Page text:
“Green Roof ” by Nolan Richards ’21
“Ocean Beach II” by Nolan Richards ’21
that,” Richards explained. Throughout the past summer and H-term, Richard’s has been working on photographing abandoned structures - one of his most recent works. He has also submitted other pieces and portfolios in various contests and competitions, having his work “Ocean Beach II” selected for the 2020 Drexel Photography High School Contest Exhibition. He plans to continue to pursue his passion by majoring in photography while attending Drexel University this fall. Raina Shah ’21, The Hill News Opinion Editor, recently rediscovered her interest in art and, in the process, brought awareness to causes important to her. During her 3rd form year at Hill, Shah took art courses for all three terms. However, due to her
“The Sunset City” by Nolan Richards ’21
Artworks by Raina Shah ’21
schedule, she was unable to take an art class in both her 4th and 5th form year. Now, in her 6th form year, Shah is taking Studio Art 3 Honors with Hill Art Department Chair Ellen Nelson, after submitting a portfolio to place in a higher class. “One thing I really liked this year was that we did a lot of culture and society pieces, making statements on the crazy year that we’ve had,” Shah said. Throughout this past year, Shah has created pieces that focus on COVID-19’s impact on student mental health, immigration, and women’s rights in India. Currently, she is working on a final piece that is a culmination of many social justice issues. “Art was something that I missed and something that I knew I wanted to get back into senior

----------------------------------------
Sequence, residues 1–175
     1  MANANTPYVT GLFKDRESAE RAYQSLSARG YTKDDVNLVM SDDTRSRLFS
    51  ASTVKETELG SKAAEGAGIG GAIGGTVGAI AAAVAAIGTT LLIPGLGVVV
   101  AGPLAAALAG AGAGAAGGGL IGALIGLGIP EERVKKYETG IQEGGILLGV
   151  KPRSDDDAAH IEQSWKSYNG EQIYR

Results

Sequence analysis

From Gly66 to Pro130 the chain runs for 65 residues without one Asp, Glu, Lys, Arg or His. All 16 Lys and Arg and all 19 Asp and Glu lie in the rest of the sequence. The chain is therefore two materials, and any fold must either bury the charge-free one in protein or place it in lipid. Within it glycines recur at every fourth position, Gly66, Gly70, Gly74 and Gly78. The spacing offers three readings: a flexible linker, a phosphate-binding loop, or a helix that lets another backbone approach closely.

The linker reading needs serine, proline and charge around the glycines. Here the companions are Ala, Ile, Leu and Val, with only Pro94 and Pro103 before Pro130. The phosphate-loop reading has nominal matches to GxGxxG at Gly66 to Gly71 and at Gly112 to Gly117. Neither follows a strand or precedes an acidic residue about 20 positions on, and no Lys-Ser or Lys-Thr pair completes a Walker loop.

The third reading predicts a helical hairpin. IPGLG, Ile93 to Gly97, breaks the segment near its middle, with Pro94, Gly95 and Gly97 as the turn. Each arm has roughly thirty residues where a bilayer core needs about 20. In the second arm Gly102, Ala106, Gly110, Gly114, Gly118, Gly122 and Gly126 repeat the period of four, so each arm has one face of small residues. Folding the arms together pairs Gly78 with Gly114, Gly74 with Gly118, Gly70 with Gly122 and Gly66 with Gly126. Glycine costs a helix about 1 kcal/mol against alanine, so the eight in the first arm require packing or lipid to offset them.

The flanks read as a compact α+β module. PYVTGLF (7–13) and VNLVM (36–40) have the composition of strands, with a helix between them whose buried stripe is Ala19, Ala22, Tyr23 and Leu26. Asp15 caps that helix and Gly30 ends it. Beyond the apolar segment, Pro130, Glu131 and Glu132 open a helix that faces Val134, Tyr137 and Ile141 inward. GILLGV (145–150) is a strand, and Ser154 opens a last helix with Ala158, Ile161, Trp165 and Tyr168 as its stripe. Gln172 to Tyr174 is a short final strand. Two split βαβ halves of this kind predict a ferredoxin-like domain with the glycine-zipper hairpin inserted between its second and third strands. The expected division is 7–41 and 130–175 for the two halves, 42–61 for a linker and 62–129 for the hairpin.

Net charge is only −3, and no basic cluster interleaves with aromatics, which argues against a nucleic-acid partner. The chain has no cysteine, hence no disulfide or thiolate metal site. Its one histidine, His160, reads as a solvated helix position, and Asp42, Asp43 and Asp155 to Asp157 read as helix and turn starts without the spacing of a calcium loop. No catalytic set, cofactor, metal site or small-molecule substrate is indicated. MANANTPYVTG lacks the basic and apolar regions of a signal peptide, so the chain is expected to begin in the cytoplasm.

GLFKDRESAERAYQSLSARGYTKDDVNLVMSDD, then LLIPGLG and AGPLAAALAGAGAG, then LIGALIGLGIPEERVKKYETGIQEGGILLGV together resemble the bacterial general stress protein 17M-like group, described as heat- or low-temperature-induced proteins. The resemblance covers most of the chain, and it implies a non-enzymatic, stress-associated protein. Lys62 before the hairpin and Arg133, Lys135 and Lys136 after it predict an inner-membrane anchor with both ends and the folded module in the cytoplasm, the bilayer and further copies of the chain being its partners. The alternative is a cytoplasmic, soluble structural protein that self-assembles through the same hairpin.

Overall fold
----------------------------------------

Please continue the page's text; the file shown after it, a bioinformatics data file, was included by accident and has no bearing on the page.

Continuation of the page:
year. I think it’s really nice that I’ve been able to find art again. I am really grateful that Hill has such a great art program and art studios, and I think it’s cool that Hill advocates for the arts as well,” Shah said. She hopes to find time to continue fostering her love of art while attending Tufts University in the fall. The Class of 2021 is also heavily represented in Hill’s Theatre Department. Kendal Thomas ’21 is one member of the graduating class who has been an active member in various performance groups during her time at Hill, participating in theatre performances, Hill’s Dance Class, and being the co-leader of the 28:24 student band. She first discovered her love of performing in the eighth grade while partaking in a required musical event at her previous school. After enjoying that experience, she decided to participate in the event her following year. Thomas then transferred to The Hill School in her 4th form year. “When I came to Hill, I took the Musical Theatre course as a class. After that, I realized I really wasn’t enjoying myself on the sports teams. I felt more at home in the CFTA and exploring the more artistic side of myself,” Thomas said. This encouraged her, in her 5th form year, to try out for “Chicago” in the fall of 2020, as well as the winter musical “Hairspray” and the Zoom production of “Jury Trial.” Thomas’s advisor, Chris McGriff, the director of the CFTA and instructor of theatre, also played a role in the development of her artistic career. “I really credit him in encouraging me in that aspect. There are so many resources here that are simply not available in other places and because of that, it just